Not too long ago, the federally owned Aéroports de Montréal protested a property evaluation by the city of Dorval. Ottawa re-evaluated the land at $100 million less than the property assessment and told the city that if it did not like it, it could contest the figure before a federal government appointed tribunal.
In my home province of New Brunswick, the provincial department of municipalities estimates how much municipalities will receive from federal payments in lieu of taxes and pays them that amount. The department then goes about collecting the payments from the federal government, but it is only sometime later that the federal government actually pays the amount due and, in some cases, the payment has taken years.
In 1995, the city of Halifax yelled foul when, after increasing the evaluation of the Citadel from $15 million to $36 million, the federal government reduced its evaluation from $15 million to $1.2 million. Short of going to court, the two governments had no ways of resolving this dispute.
In 1992, the Government of Quebec gave municipalities the right to replace all or part of their business occupancy taxes with a new real property tax. The result was a sudden $41 million increase in the federal payments to Quebec municipalities.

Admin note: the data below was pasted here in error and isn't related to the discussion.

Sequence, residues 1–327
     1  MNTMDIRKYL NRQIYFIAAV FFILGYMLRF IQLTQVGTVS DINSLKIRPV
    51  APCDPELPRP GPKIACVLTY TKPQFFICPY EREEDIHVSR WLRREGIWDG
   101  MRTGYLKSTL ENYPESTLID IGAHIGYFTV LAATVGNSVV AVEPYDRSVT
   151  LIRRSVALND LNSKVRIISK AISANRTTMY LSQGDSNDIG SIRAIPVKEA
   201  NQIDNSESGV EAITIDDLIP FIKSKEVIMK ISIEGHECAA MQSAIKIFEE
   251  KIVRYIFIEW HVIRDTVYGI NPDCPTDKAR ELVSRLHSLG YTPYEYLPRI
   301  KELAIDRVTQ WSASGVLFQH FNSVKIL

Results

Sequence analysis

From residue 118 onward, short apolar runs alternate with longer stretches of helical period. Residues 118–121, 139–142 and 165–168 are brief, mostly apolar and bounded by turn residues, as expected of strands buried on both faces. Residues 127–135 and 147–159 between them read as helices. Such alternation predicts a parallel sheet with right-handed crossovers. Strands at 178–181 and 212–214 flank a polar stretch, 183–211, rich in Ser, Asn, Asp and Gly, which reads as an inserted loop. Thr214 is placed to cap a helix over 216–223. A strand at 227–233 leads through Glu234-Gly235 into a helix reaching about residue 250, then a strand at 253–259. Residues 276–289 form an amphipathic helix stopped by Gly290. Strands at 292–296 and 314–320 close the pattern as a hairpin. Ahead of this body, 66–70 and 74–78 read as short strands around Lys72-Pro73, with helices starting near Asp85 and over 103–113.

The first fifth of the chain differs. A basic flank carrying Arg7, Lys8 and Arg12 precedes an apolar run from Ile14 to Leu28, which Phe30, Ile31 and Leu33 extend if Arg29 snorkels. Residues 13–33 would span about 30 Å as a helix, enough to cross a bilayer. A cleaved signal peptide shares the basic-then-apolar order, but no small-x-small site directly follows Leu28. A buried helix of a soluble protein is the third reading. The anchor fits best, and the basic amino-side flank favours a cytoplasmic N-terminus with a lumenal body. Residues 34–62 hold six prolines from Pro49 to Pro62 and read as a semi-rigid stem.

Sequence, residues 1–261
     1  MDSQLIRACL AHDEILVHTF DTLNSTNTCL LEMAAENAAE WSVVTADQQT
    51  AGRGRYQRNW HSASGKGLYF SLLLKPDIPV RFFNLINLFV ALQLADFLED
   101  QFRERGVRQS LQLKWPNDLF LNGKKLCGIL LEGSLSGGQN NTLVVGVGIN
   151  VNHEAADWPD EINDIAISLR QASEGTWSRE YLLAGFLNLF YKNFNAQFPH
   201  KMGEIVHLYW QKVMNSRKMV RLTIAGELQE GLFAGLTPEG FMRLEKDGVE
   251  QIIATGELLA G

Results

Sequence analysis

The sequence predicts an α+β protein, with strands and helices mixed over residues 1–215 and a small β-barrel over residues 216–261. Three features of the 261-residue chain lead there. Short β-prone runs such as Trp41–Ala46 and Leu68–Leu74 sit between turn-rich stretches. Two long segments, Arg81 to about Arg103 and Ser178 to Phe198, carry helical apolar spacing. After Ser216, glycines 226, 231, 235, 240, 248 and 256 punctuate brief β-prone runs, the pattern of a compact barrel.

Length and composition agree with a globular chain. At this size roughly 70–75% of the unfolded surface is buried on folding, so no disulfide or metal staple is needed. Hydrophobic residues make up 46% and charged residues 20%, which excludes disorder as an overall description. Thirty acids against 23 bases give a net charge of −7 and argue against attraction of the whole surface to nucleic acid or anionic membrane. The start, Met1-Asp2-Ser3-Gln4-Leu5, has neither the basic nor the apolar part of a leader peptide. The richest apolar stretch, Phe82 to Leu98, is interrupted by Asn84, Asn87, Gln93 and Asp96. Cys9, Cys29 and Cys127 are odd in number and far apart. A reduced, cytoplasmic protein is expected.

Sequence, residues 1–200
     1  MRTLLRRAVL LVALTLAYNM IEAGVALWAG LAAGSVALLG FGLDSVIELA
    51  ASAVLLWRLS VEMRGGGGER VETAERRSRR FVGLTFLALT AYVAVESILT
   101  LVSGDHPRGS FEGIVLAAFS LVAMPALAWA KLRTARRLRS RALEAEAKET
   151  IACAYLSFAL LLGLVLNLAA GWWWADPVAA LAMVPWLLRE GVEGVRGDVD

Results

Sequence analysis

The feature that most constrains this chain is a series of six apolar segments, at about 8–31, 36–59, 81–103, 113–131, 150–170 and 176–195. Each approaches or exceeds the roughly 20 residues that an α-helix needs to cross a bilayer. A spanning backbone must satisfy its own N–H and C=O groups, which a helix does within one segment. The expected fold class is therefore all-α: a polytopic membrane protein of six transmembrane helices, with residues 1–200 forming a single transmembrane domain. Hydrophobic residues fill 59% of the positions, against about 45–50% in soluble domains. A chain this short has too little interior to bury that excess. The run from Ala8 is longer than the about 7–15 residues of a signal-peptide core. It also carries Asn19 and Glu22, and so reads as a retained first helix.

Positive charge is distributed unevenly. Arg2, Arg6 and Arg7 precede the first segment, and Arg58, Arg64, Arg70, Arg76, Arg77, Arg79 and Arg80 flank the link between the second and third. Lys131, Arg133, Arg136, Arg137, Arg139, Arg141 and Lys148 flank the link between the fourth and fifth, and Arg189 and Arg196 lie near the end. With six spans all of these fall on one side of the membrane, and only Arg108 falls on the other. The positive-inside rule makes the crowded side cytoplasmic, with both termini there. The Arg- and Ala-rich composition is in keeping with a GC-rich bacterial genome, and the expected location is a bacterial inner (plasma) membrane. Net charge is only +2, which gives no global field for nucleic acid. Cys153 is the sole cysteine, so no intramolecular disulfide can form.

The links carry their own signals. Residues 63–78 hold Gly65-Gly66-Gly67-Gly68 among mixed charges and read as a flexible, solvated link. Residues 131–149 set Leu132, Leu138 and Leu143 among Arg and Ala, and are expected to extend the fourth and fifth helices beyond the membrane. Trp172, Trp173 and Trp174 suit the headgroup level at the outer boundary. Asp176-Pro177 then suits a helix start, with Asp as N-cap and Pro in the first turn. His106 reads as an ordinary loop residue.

In Ontario, the provincial government eliminated its business occupancy tax. To make up the lost revenue, Ontario municipalities increased their commercial real property tax rates by an average of about 45%. These reforms cost the federal government as much as $100 million a year more in payments in lieu of taxes in leasehold occupancy costs. Furthermore, crown corporations are paying approximately $30 million more.
As well, a freeze on payments from 1993 to 1995 made municipal governments mistrustful of the federal government and made the current system unreliable.
Clearly, it is time to update the legislation to deal with these problems that have presented themselves in recent years.
The bill before us today proposes changes in a number of these areas. The bill would change the name of the legislation from Municipal Grants Act to the payments in lieu of taxes act, while references in the legislation to “grants” will be replaced with the word “payments”. This is to better reflect the nature of the program and the relationship between the Government of Canada as a property owner and Canadian and municipal governments.
The bill proposes introducing compensation for late payments by the federal government to municipalities. It also would give the authority to Ottawa to make payments when tenants on federal property default on their local tax bills. These are important changes under which the federal government accepts a position much closer to that of other property owners regarding its tax obligations.
It would establish a dispute advisory panel under the act with a minimum of two board members from each province and territory. The advisory panel would recommend solutions to the minister when disputes arise between municipalities and the federal government over the appropriate amount of payments.